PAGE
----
February 26, 2011

Do as I do, but not all the time

Lead by example.  It's one of my favorite leadership principles.  On the surface it's quite simple, but there are so many underlying aspects of it that make it so powerful.  Most obviously, if I can show you two how to act instead of simply telling you how to act (especially since actions and words aren't always the same), I can raise you girls to do the right things.  For myself, knowing that someone is always watching, judging ("look at the baby, look at the baby"), is the greatest motivator for myself to do the right things as well.  It's circular, I try to scratch your backs, you scratch mine.  We're all better for it.

What happens though when you see your dear old dad mess up?  As much as I try to get things right the first time, every time, I'm going to get them wrong sometimes.  I don't always get it right when it comes to discipline.  Or handling frustration.  Even when I know you're watching, I still do it wrong.  That's not leading you two by example, and telling you to do as I say, not as I do is probably the worst response I could make.  

What is an example is showing you how to react to those mistakes.  We all have the ability to learn, if we just pay attention.  Like I've written before, when we mess up, we need to take a moment to realize our mistakes, think about how to fix or recover from them, then press on.  At this point, it's not as much a lesson for you as it is for me and your mom.  If we can learn to handle our mistakes, and you see how we're able to do this, then we don't need to be perfect to raise you right (thank the Lord!).  We just need to lead by example.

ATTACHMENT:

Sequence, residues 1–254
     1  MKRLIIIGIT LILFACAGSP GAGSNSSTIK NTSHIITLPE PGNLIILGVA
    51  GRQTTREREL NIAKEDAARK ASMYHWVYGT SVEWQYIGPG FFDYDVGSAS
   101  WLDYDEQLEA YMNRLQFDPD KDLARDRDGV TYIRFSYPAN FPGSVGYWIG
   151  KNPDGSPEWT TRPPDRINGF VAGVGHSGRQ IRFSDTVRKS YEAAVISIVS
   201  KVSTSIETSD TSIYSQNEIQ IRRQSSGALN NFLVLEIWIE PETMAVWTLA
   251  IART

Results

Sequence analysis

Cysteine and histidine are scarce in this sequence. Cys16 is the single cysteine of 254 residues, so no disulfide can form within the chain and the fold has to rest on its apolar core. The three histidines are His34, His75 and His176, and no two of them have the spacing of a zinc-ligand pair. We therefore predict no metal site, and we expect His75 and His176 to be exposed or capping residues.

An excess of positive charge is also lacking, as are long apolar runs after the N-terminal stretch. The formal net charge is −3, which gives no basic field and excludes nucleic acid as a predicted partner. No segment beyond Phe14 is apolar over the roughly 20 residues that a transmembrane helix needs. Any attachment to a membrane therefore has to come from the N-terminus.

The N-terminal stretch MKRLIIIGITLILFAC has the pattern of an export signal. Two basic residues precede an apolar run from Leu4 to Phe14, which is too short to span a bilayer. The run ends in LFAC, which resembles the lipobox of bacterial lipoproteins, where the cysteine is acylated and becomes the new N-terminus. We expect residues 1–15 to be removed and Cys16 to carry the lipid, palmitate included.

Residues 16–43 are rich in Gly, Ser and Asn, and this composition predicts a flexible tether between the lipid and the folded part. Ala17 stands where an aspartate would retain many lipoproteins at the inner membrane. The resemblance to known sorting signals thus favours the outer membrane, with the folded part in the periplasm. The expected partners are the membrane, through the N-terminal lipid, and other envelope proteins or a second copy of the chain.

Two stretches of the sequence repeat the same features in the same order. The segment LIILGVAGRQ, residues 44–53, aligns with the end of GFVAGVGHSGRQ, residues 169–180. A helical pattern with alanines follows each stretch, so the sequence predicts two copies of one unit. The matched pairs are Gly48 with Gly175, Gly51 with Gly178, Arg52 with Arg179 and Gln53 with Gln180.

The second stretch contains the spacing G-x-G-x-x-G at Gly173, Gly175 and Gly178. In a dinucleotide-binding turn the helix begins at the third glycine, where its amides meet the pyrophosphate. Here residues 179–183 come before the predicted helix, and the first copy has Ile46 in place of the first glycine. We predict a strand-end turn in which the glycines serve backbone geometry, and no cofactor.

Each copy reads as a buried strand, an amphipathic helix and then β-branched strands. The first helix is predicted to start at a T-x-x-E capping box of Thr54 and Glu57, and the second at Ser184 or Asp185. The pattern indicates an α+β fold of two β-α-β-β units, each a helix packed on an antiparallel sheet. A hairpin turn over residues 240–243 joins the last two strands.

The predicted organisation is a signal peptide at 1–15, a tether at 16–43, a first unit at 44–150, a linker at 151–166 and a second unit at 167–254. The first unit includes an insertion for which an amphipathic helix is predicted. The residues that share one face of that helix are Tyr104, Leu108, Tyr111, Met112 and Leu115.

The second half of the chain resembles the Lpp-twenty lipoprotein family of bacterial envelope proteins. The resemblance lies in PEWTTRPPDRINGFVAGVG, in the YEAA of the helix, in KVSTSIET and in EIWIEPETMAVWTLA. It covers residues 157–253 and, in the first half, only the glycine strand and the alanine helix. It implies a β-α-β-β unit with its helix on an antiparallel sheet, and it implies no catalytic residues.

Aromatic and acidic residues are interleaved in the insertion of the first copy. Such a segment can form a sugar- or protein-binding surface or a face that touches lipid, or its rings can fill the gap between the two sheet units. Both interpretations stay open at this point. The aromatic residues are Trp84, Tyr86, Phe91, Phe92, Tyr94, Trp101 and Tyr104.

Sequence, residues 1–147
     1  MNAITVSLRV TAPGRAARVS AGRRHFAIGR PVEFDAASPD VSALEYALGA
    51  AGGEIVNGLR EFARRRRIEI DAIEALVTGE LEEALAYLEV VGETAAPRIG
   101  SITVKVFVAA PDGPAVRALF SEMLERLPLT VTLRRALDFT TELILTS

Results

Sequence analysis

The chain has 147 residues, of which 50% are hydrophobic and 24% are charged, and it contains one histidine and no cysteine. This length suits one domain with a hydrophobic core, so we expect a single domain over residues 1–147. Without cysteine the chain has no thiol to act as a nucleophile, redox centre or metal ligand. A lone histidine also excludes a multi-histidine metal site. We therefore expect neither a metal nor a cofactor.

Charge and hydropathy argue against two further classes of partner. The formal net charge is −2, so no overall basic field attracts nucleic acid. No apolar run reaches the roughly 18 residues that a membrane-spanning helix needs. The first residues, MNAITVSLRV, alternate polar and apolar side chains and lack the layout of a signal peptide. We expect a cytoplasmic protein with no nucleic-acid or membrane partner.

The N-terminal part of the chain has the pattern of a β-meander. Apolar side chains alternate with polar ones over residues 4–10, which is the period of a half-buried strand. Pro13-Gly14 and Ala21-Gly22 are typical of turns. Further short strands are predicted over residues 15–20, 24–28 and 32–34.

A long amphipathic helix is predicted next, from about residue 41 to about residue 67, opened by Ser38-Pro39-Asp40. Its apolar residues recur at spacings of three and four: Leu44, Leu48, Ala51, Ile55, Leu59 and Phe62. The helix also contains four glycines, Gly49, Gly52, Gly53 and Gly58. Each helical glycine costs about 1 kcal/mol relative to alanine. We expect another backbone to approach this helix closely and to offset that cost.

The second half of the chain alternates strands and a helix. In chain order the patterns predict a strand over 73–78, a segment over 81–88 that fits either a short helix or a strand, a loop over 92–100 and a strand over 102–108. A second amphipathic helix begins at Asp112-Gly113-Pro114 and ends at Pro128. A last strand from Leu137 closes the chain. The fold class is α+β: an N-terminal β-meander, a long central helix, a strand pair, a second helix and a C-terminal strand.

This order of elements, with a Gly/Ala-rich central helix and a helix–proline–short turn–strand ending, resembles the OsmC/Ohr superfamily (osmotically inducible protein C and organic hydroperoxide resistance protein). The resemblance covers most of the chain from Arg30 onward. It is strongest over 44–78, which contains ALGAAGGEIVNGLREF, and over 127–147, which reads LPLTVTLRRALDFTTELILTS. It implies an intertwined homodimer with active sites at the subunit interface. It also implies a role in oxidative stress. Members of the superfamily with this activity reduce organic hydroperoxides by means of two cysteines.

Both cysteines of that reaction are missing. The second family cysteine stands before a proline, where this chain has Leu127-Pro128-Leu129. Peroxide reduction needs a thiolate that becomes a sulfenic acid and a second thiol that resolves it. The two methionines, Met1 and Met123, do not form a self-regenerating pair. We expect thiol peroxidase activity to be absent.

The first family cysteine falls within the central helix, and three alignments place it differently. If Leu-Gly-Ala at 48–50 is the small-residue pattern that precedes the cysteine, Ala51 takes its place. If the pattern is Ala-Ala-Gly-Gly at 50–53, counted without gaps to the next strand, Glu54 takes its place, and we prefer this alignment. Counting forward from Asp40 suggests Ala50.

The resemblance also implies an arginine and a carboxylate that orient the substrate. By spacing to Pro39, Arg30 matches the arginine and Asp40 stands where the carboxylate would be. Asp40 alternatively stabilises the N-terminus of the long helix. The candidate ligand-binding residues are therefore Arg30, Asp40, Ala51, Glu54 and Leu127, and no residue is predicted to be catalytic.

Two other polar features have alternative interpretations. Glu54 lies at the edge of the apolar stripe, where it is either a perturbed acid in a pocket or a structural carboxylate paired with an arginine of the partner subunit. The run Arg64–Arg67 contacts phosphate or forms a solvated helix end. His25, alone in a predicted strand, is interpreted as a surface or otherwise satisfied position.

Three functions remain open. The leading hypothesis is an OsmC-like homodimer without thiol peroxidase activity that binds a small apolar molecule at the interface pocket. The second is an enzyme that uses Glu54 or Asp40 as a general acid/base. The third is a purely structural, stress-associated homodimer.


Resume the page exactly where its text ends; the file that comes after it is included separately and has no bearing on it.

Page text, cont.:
1. "Look at the baby." Ha! I clicked on the link right before I remembered that's from the greatest comedy ever made.

    I agree, leading by example is powerful. Quiet strength. Most great leaders do it.

  2. I love that movie!

    Did you ever read Tony Dungy's Quiet Strength? Very good book. I think leading by example is the most powerful form of leadership. I think it's also growing increasingly rare on the public stage. Or maybe it's just not newsworthy. Unfortunate either way.

  3. Yes, I did. It's an excellent book.

    I don't think quiet strength is on the public stage very much because when a person is leading in this way, it takes time to to receive a lot of attention -- if any attention comes at all. With a media that puts a premium on a lot of quick exposure, loudness and hyperbole rule the land.

  4. Noisy superficiality. The antithesis?


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